Count Your Blessings

It’s the third Christmas since the day my beloved husband died (990 days to be exact). Although each day had been as long as an eternity yet, it seems as though he only passed away yesterday. This year I am learning to appreciate time on my own, I am also learning to be happy facing the misery of being left a widow instead of, running away from it as I did the last two Christmas

I learnt to count my blessings, and that I did not have to plan a big Christmas dinner for anyone, and definitely counting my blessings that I did not have to shop with thousands of other shoppers. I smiled watching how people rushing around buying as though the shops would be closed for weeks and not for just one day. Anything but to do with the real spirit of Christmas: Shouting the insults at one another, fighting for a spot in the car park that already full. So many dramas that being put into one day of the year for families to connect or to disconnect? And if Christmas comes once a month, would families have enjoyed each other more without too much effort? We’ll never know.

Perhaps I envied those, who have families gathering around them?  Who had to get up on Christmas morning and in a hurry to get “things” done? Perhaps I should have felt guilty that I did not have any worry making sure the family Christmas dinner is up to the usual expected standard; like the turkey might be too dry? Or the pork is not crispy enough? And what happened to the pudding?  But instead, I did not have to rush out of bed, and then I took my meditating time wandering through my herbs garden, listening to a birdsong,  picked some fresh herbs to make a creamy omelette that would turn into a soft fluffy scrambled eggs for breakfast. How perfect! Not to mention the aroma of my favourite freshly brewed organic coffee, just the way it should be on Christmas morning and I better get used to it.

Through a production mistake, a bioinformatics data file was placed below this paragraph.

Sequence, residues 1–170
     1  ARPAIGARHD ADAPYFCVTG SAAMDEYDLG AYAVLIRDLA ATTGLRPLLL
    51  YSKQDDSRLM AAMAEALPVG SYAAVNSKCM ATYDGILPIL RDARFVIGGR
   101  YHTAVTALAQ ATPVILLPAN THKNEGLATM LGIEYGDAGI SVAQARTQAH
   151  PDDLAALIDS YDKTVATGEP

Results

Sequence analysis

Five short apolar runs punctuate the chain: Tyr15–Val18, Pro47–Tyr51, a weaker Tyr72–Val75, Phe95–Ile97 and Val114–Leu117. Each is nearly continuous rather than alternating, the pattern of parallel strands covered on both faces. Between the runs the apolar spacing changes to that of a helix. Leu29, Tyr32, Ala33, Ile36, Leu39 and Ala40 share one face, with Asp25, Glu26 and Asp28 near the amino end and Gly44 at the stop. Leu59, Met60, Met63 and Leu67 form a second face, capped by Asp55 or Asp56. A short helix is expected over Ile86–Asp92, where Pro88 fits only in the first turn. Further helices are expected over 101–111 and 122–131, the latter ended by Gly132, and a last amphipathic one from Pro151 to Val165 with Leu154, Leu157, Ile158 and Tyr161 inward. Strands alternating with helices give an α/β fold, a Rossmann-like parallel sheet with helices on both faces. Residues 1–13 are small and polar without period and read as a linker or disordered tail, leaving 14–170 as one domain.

Well, like a bear, I decided to hibernate this Christmas, in the luxury and abundant quietness, away from the hustle and bustle of the festive season, allowing not, the crowded loneliness and the loud misery affecting my soul. I am counting my blessings indeed, for a lovely Christmas morning, totally alone. And yes, I did turn my phone off just for Christmas.

“Christmas Roses”
Watercolour
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Night Butterfly

“This is the most controlled floral I’ve done in a while. I loved the streak of the blue-purple amethyst that’s like a butterfly in the night. And alone in the night garden I sat thinking of you. The summer evening filled with sweetness while the heat of the day turned my hydrangea all brown. Iris was also your favourite flower as with yellow rose and red cyclamen and many more. So when I happened to paint them you entered my thoughts, and I felt so alone without you. No hand to hold or even just to touch the tips of your fingers. Here in the night with the moon and the stars, I sat alone in my garden…”

Missed The Moon

The moon above the cloud over Seattle
The moon above the cloud over Seattle

Super moon came and went for three days now and I still haven’t been able to have a glimpse of it. Not because I did not look, but the sky over Fremont clouded so thick every night with constant rain. There were sunny patches but only during the day when gusty winds occasionally managed to chase the clouds away.Photo by Thai Peck

Wandering through the rose garden by the Seattle zoo where autumn is making room to welcome winter as the leaves turning from yellow-red to brown while the trees looking bare and shivering. Scattering around were some lonely flowers desperately hung on to thorny branches knowing soon enough they too will fade and die.Photo by Thai Peck

But fear not, when spring follows winter, the next generation of roses will assuredly bloom much more beautiful as I watched a team of gardeners hard at work nurturing them with definite care if not tender and loving.Photo by Thai PeckPhoto by Thai Peck

And I remembered on this spot where I sat, in the brilliant summer sun of last year. The roses may have been so much prettier though I saw none but pain and grief through tears…Photo by Thai Peck

Suddenly the sun moved behind the cloud, casting a more sombre shade and I thought I felt some tiny drops… is that rain?

Extra Steps…

Photo by Thai PeckDespite of how slow I walked during the last five weeks wandering over England, Scotland and Wales, my left knee started to give me some discomfort during the last few days while stopping at my son’s house in Surrey on the last leg of my journey.

Surrey, England
Surrey, England

Photo by Thai Peck